Example. In a survey of 100 students majoring in computer science,


the following information was obtained:
17 can program in C++ , Java, and Visual Basic.
22 can program in C++ and Java, but not Visual Basic.
9 can program in C++ and Visual Basic, but not Java.
2 can program in Java and Visual Basic, but not C++ .
19 can program in C++ , but not Visual Basic or Java.
21 can program in Visual Basic, but not C++ or Java.
Also, all of the 100 students can program in at least one of these three languages.
How many students can program in Java, but not C++ or Visual Basic?
100

0
9
21
VB

C++

19
22

17

Java

x = 100 (17 + 22 + 9 + 2 + 19 + 21 + 0) = 10
5

Exercise. In a survey of 200 people about whether they like


apples (A), bananas (B), and cherries (C), the following data was obtained:
|A| = 112,
|A B| = 32,
|A B C| = 20.

|B| = 89,
|A C| = 26,

|C| = 71,
|B C| = 43,

a) How many people like exactly one of these fruit?


b) How many people like none of these fruit?
c) How many people do not like cherries?

Hints for proofs:


To prove that S T , we can assume that x S and show that x T .
To prove that S = T , we can show that S T and T S.

Example. We prove that if A C and B C, then A B C.


Proof. Let A C and B C and suppose that x A B.
Then either x A or x B (maybe both).
If x A, then x C, because A C.
Likewise, if x B, then x C, since B C.
In both cases, we have x C, which proves that A B C.
Exercise. Prove that if A B and A C, then A B C.

Exercise. Prove that if A B, then A B = A.

Exercise. Prove that if A B = A, then A B = B.

Exercise. Is the statement A (B C) = (A B) C true?


Provide a proof if it is true or give a counter example if it is false.

Exercise. Is the statement A (B C) = (A B) C true?


Provide a proof if it is true or give a counter example if it is false.

Laws of set algebra:


Commutative laws
Associative laws
Distributive laws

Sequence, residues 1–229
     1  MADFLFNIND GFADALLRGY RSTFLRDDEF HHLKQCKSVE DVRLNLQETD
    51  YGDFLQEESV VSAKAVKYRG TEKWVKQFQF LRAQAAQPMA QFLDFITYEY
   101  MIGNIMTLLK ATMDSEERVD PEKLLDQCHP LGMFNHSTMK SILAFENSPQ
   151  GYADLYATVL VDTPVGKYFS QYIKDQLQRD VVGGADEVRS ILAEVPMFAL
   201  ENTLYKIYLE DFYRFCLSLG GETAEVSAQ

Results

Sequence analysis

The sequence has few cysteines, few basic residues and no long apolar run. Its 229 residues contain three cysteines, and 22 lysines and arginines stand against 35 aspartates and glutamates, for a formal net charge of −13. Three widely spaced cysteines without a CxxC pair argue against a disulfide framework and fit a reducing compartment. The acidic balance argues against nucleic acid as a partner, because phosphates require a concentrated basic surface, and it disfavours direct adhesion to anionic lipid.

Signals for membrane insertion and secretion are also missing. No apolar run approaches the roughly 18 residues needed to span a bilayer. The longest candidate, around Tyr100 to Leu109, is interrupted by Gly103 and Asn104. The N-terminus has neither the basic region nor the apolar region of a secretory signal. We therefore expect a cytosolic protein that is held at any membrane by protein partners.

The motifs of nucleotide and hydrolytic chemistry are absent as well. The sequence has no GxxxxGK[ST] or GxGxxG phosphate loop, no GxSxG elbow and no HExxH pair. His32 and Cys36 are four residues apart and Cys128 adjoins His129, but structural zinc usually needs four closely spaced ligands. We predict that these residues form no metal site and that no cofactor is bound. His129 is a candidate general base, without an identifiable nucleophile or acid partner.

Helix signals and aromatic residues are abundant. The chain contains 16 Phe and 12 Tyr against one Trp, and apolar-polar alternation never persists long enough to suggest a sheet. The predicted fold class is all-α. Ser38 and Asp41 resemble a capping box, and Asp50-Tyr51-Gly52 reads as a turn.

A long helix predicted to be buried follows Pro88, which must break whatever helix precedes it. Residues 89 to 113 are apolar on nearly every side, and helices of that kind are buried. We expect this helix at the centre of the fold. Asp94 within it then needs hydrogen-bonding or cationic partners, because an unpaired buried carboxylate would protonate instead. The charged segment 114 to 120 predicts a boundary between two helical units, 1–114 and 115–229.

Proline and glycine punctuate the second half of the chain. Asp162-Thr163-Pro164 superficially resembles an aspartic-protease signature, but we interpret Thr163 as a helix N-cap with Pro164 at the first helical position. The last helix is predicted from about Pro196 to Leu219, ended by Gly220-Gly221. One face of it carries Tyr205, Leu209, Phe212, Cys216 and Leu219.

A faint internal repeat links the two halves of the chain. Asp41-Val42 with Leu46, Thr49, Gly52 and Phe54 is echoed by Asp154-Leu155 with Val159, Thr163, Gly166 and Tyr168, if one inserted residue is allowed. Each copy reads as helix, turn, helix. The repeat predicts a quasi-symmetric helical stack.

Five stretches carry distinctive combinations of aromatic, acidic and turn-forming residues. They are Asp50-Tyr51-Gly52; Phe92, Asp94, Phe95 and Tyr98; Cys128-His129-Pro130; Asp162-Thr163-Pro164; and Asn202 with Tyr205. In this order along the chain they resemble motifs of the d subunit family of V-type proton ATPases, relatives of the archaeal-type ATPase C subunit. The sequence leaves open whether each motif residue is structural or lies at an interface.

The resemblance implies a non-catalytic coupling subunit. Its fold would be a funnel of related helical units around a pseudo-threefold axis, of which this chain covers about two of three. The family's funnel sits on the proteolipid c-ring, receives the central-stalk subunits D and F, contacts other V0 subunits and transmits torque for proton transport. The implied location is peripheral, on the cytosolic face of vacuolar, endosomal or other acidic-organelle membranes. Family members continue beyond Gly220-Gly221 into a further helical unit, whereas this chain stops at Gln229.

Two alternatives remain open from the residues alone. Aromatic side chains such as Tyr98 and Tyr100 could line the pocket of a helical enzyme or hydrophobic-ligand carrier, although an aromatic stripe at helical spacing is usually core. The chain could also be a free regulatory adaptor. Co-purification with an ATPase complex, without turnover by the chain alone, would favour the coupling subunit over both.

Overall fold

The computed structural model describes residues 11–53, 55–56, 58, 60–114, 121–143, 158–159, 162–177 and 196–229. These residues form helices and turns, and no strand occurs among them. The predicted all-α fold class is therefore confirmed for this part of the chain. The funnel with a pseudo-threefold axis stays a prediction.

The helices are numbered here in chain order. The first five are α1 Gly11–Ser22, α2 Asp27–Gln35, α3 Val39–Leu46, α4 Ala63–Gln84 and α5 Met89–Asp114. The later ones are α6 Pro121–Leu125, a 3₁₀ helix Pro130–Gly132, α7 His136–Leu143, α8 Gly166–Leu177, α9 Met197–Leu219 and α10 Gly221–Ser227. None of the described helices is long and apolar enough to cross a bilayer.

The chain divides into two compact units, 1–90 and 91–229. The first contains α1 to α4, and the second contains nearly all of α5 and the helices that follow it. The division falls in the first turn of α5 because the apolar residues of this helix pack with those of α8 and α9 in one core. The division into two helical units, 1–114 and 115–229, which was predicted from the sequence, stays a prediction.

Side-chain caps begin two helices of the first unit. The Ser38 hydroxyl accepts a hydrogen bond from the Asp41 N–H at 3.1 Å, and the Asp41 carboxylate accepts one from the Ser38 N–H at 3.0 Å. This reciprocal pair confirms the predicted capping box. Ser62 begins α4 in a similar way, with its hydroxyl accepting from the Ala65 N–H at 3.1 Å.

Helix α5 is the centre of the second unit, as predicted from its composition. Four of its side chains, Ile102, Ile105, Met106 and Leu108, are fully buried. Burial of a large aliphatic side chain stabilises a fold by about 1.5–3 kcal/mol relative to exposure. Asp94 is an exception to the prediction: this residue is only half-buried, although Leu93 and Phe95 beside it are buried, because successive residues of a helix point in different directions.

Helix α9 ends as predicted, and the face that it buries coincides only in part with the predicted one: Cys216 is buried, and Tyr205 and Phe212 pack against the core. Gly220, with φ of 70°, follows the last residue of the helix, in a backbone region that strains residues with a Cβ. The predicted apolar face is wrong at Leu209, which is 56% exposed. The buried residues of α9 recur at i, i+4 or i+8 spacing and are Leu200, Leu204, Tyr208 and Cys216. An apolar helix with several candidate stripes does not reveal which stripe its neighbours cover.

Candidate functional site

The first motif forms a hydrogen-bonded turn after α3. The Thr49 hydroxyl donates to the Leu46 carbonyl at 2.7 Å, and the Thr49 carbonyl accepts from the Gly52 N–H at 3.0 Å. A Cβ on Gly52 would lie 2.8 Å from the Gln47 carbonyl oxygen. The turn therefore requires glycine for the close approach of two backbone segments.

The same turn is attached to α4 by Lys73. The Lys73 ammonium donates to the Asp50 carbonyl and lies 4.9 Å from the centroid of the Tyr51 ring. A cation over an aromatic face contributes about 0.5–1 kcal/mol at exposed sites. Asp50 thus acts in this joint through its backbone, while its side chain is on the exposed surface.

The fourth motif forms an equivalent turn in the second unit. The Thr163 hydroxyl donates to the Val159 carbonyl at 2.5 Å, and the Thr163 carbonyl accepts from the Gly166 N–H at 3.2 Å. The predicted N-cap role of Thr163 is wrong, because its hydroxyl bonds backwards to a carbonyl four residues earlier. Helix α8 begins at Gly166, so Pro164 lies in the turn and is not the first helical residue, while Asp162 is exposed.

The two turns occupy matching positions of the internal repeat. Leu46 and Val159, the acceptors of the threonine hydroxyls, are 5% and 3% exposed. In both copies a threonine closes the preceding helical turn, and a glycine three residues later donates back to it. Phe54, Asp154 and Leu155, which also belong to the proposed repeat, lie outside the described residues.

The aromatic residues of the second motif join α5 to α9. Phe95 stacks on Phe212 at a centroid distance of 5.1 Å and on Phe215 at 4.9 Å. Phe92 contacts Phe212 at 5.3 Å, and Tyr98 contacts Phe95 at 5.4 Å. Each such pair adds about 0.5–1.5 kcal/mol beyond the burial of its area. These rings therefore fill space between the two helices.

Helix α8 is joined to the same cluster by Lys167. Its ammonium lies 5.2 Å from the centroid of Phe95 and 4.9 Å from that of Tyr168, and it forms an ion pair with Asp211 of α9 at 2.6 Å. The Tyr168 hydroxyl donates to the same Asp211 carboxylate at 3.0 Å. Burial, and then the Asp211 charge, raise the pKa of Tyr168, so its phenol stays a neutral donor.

Absorption laws
Identity laws
Idempotent laws
Double complement law
Difference law

AB =BA
AB =BA
A (B C) = (A B) C
A (B C) = (A B) C
A (B C) = (A B) (A C)
A (B C) = (A B) (A C)
A (A B) = A
A (A B) = A
AU =U A=A
A=A=A
AA=A
AA=A
(Ac )c = A
A B = A Bc

Domination or universal bound laws

Intersection and union with complement


De Morgans Laws

(A B)c = Ac B c
U

A=A=
AU =U A=U
A Ac = Ac A =
A Ac = Ac A = U
(A B)c = Ac B c
U

For a set expression involving only unions, intersections and complements, its
dual is obtained by replacing with , with , with U , and U with .
The laws of set algebra mostly come in dual pairs.
Example. Proof of De Morgans law (A B)c = Ac B c :
(i) Suppose that x (A B)c . Then we have x
/ A B, so x
/ A and x
/ B.
c
c
c
c
Thus, x A and x B , so x A B .
This proves that (A B)c Ac B c .
(ii) Suppose now that x AcB c . Then x Ac and x B c , so x
/ A and x
/ B.
c
Thus, x
/ A B, so x (A B) .
This proves that Ac B c (A B)c .
Combining (i) and (ii), we conclude that (A B)c = Ac B c .
8

Example. We can use the laws of set algebra to simplify (Ac B)c B:
(Ac B)c B =
=
=
=
=

((Ac )c B c ) B
(A B c ) B
A (B c B)
AU
U

De Morgans law
Double complement law
Associative law
Union with complement
Domination

Exercise. Use the laws of set algebra to simplify (A (A B)c ) B c :

Exercise. Use the laws of set algebra to simplify


[A (A B c )] [(A B) (B Ac )]

Generalized set operations:


n
[

i=1

Ai = A1 A2 An

and

n
\

i=1

Ai = A1 A2 An

Example. If Ak = {k, k + 1} for every positive integer k, then


3
[

k=1
3
\

k=1

Ak = A1 A2 A3 = {1, 2} {2, 3} {3, 4} = {1, 2, 3, 4}


Ak = A1 A2 A3 = {1, 2} {2, 3} {3, 4} =

Exercise. Let Ak = {x N | k x k 2 } for every positive integer k. Find


4
[

Ak

k=2

6
\

Ak

k=3

10

A set may contain another set as one of its elements.


This raises the possibility that a set may contain itself as an element.
Problem: Try to let S be the set of all sets that are not elements of themselves,
i.e.,
S = {A | A is a set and A
/ A}.
Is S an element of itself?
i) If S S, then the definition of S implies that S
/ S, a contradiction.

ii) If S
/ S, then the definition of S implies that S S, also a contradiction.
Hence neither S S nor S
/ S. This is Russells paradox.
Why does this paradox occur?
Example. (The Barber Puzzle) In a certain town there is a barber who
shaves all those men, and only those, who do not shave themselves.
Does the barber shave himself?